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A Game Changer for Plaintiffs’ Lawyers in Medical Malpractice

Hospitals are loaded with surveillance cameras throughout the hospital, including the triage department.  With a carefully worded preservation letter, the surveillance video can be a treasure trove for plaintiff’s lawyers.

Case in point: recently, I conducted a deposition of a target defendant/ER physician. The defendant physician documented a thorough and complete physical examination, and testified that the patient appeared perfectly normal on all counts.

Then, I played the video of the triage assessment that lasted 5 ½ minutes. During the “triage assessment”, the defendant physician was noticeably distracted and hardly paid attention to the patient.  Even worse, the defendant physician did not conduct even the most basic physical examination.

The Power of Surveillance Video

The surveillance video proved, beyond any question, that the defendant physician did not conduct a physical examination, lied in the documentation of the medical records, and committed insurance fraud by billing for services that were not performed.

The chairperson of the emergency department testified that the defendant physician committed insurance fraud by charging for services that were never performed.

Video surveillance has the power to prove your case and in my view, should be demanded and preserved as soon as you are retained.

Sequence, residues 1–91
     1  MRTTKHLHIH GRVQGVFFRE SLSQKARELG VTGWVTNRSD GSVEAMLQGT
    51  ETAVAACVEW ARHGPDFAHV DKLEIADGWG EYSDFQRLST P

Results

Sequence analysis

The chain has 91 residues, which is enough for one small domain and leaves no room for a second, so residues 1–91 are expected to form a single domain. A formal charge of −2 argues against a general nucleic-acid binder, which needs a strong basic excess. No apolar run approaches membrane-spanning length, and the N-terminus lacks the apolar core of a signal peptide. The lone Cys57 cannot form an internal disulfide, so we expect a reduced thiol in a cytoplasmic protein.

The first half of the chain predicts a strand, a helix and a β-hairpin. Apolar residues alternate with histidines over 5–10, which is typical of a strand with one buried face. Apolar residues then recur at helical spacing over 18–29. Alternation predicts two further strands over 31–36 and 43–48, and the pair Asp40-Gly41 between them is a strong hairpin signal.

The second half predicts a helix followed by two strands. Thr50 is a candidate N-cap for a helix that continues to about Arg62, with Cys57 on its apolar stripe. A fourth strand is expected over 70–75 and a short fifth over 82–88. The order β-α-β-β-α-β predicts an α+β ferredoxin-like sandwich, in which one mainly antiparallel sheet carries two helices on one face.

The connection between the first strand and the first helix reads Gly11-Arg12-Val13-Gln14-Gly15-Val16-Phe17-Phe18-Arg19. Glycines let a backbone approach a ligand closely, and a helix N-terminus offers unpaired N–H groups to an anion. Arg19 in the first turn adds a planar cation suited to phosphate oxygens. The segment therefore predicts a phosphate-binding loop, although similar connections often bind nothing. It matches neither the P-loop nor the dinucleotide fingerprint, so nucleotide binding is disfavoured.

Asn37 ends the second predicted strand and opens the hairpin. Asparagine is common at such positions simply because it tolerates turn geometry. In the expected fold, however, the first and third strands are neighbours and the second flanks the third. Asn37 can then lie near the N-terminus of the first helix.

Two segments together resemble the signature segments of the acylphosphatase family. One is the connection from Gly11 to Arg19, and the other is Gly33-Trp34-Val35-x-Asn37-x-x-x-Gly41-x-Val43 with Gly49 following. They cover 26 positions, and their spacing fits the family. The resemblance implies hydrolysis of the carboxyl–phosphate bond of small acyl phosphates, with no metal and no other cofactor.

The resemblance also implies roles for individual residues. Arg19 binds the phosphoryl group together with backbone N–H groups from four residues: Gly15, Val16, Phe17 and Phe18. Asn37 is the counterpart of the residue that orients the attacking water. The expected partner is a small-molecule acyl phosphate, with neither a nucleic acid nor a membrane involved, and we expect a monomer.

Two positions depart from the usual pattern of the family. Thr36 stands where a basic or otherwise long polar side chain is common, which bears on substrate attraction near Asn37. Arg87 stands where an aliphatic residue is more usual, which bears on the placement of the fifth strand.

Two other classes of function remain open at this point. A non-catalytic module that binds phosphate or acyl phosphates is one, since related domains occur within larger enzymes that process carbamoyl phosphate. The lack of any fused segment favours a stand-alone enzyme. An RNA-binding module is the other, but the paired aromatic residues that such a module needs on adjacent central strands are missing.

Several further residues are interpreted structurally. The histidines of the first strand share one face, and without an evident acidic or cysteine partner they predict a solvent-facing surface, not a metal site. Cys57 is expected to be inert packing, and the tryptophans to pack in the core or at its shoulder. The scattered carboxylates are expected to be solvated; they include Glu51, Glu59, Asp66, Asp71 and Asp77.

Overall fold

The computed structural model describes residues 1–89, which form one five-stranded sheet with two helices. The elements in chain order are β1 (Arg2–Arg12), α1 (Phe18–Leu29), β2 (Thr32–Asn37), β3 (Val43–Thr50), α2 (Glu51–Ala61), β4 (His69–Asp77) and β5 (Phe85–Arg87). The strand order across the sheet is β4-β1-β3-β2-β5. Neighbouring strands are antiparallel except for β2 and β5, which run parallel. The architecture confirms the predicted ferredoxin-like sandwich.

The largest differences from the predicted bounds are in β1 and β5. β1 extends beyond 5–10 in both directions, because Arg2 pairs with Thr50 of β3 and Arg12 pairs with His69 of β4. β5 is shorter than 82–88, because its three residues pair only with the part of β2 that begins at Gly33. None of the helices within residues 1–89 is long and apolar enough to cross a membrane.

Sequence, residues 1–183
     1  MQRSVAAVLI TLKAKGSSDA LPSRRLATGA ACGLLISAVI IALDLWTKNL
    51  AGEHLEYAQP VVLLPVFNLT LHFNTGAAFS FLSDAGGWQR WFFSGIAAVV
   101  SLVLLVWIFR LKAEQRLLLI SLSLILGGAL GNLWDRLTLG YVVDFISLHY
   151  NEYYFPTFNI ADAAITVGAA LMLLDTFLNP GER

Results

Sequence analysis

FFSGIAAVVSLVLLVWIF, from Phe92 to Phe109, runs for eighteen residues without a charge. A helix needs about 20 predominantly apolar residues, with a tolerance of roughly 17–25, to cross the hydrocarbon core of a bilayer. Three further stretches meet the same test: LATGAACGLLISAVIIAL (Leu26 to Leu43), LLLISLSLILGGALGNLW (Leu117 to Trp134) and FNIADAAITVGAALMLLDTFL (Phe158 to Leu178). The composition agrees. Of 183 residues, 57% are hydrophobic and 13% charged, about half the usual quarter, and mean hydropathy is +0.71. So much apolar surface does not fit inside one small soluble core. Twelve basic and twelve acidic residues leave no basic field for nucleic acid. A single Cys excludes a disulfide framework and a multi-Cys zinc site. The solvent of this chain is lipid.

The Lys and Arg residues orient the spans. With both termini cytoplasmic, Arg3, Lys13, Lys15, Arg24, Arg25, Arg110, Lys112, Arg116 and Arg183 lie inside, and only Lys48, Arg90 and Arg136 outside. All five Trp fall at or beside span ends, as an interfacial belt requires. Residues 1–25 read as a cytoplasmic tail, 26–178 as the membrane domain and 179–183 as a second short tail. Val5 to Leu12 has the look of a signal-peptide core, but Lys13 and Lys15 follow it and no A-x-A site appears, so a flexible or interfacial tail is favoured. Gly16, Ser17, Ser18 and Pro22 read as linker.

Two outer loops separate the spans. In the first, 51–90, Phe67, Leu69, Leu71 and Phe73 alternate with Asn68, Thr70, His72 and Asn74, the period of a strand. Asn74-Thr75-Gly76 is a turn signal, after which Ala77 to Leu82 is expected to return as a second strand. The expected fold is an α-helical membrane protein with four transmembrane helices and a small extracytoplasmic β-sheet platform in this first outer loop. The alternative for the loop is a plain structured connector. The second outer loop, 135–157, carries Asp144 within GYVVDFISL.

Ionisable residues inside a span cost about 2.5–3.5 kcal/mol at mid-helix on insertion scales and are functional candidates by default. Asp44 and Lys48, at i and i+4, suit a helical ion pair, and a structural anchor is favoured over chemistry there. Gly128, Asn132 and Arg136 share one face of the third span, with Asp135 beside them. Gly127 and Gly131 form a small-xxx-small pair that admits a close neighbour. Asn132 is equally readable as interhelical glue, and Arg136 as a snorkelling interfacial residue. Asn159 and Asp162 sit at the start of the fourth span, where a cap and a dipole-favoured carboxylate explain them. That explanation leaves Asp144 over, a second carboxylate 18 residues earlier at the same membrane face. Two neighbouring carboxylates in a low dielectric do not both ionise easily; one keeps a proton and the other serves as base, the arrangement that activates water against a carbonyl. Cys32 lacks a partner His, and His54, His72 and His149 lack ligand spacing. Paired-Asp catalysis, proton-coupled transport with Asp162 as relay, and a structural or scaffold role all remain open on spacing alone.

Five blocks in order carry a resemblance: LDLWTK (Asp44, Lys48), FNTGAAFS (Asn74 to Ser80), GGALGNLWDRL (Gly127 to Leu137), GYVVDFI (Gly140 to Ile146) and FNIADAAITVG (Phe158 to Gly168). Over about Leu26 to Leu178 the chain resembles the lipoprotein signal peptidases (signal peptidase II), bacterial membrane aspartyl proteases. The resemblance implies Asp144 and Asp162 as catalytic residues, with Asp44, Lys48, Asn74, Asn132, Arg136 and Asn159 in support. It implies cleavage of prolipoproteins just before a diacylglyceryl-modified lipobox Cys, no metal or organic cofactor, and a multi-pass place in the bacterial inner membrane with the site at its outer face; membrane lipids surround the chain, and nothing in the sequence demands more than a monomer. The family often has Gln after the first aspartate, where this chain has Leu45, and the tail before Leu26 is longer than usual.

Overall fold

The industry standard for preserving surveillance video is 30-45 days in hospitals.  However, even after the surveillance video has been overwritten, most hospitals archive the video.

How to Preserve Surveillance Video

The preservation letter should be served by hand-delivery or via certified mail, return receipt requested. If the preservation letter is hand-delivered, the courier must obtain a signature from the recipient acknowledging receipt of the letter.  For corporate defendants, the preservation letter should be served upon the corporation’s risk management department as well as their legal counsel.

Step #1:  Identify as precisely as possible what the evidence is, e.g., “any and all surveillance video from the emergency department’s triage department, including the intake area, registration area and lobby and waiting rooms, on October 17, 2019 between 3:30 p.m. and 5:00 p.m.”

Step #2: Use the preservation language set forth below to make it clear that the destruction or loss of the evidence will have severe consequences for the potential defendant.

Language for Your Preservation Letter

“If any of the above evidence exists, and you fail to maintain the same until the disposition of this claim, it will be assumed that you have intentionally destroyed and/or disposed of evidence.”

“Please be advised that you are not permitted and are in no position to decide what evidence our client would like to review for this case. Accordingly, discarding any of the above evidence will lead to any adverse inference against you in this matter.”

Image by sungmin cho from Pixabay
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